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Debit Card Beats Cash as Budgeting Tool

Plastic or paper?  Americans have spoken.

In 2013, they made $4.1 trillion in purchases on their credit and debit cards, according to the Nilson Report – and that figure keeps marching upward.

Some researchers view this as a dangerous trend.  Plastic cards, they contend, put distance between a man and his bank account. Without the tactile sensation of handing over one’s hard-earned cash, it’s easy – too easy – to spend money and harder to save.

New research out of The Netherlands has an entirely different take on the cash versus plastic debate. The study, based on a detailed Internet survey of nearly 1,500 Dutch people about their financial habits, shows that they view the debit card “as the better expense monitoring tool.” (The study compared cash and debit cards, excluding credit cards.) …Learn More

How Much For the 401(k)? Depends.

How much must 30-somethings save in their 401(k)s to prevent a decline in their living standard after they retire?

No two people are alike, but the Center for Retirement Research estimates the typical 35 year old who hopes to retire at 65 should sock away 15 percent of his earnings, starting now.  Prefer to retire at 62?  Hike that to 24 percent.  To get the percent deducted from one’s paycheck down into the single digits, young adults should start saving in their mid-20s and think about retiring at 67.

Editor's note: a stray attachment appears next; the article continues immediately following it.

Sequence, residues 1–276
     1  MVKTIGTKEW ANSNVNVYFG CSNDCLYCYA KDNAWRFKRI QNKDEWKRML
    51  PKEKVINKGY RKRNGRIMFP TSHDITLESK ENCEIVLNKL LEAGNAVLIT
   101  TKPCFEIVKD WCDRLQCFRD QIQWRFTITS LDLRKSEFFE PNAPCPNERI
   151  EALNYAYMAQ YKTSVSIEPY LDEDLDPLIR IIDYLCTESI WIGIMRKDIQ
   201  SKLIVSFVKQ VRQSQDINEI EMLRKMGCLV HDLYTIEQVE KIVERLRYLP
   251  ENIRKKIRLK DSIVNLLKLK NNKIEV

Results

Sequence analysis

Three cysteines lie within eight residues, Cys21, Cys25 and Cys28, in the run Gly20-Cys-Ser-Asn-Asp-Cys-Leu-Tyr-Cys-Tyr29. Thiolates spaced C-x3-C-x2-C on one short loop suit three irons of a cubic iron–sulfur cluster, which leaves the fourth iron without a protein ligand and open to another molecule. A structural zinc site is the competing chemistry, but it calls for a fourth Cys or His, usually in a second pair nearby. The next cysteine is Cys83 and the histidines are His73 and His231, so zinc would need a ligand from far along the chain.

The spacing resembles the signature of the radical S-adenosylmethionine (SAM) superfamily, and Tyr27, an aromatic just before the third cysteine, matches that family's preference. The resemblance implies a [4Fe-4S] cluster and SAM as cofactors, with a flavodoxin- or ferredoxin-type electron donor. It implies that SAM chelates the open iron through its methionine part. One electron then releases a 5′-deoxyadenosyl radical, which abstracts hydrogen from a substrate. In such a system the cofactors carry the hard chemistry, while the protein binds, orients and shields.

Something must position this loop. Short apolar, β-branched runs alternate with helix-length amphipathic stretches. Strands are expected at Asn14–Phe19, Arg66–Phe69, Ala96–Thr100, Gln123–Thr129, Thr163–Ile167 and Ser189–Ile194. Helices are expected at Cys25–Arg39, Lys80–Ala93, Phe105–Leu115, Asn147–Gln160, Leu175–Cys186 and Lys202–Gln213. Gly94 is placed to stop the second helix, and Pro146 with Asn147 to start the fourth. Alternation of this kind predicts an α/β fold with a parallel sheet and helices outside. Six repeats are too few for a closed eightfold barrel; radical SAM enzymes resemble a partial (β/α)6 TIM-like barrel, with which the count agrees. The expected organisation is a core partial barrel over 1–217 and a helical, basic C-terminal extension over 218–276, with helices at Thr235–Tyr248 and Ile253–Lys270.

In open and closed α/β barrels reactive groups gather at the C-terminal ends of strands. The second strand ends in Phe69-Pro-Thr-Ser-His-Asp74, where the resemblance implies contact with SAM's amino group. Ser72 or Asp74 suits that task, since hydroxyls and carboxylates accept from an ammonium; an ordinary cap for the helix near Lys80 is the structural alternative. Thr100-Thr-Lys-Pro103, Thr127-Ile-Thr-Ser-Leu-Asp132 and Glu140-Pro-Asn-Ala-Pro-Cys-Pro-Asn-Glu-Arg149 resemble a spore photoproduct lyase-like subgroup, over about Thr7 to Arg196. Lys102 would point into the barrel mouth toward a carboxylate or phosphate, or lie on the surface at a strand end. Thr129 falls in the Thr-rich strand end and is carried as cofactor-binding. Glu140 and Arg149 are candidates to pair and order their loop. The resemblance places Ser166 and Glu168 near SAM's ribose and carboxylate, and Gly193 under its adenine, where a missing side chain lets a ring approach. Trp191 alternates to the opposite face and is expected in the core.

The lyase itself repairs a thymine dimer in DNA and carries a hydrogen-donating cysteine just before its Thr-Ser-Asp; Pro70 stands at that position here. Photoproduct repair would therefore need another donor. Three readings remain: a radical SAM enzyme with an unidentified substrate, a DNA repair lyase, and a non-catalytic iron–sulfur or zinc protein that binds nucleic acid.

These retirement savings rates are taken from the table below showing the Center’s recent estimates of how much workers of various ages should save to achieve a comfortable retirement; they represent the worker’s contribution plus the employer’s contribution on their worker’s behalf. Expressed as a percent of their earnings, they also vary depending when a worker retires.

How Much to Save: Table

To derive these savings rates, the Center’s economists assumed that a retired household with mid-level earnings needs 70 percent of its past earnings.  They then subtracted out the household’s anticipated Social Security benefits. The rest has to come from employer retirement savings plans, which determine the percent of pay required to reach the 70 percent “replacement rate.” …Learn More

Sorting Out Medicare Enrollment Dates

Failing to meet one of Medicare’s many enrollment deadlines can be costly to new or imminent 65 year olds.

The Journal of Financial Planning helps aging baby boomers start out on the right foot with a clear run-down of at least five different enrollment windows for various parts of Medicare.

Getting these dates right is “very tricky,” and people often make mistakes that lead to higher out-of-pocket medical costs and gaps in their coverage, said Katy Votava, president of the consulting firm, Goodcare.com, and author of “Making the Most of Medicare: A Guide for Baby Boomers.”

“They often receive well-meaning but mistaken advice, and then they’re really in a pickle,” she said. “They aren’t eligible to apply when they want to or face penalties down the road. Coverage gaps can be a tremendous financial burden.”

Medicare enrollment chart

The image displayed was extracted from the Journal’s enrollment timeline, and the entire graphic and a Journal article by Votava can be viewed here.   The graphic is worth 1,000 words but here are some important don’t-miss dates: …Learn More

A Financial Plan for Alzheimer’s

First, the facts from the Alzheimer’s Association. At age 65, one in nine individuals has Alzheimer’s disease.  At 85, the risk exceeds one in three.  Its victims are more often women.

In the Ted video above, the global health consultant and writer Alanna Shaikh disclosed that her professor-father had Alzheimer’s. Since it can be hereditary, she’s preparing to possibly share his fate, by keeping her mind active and by learning to do things with her hands, such as knitting.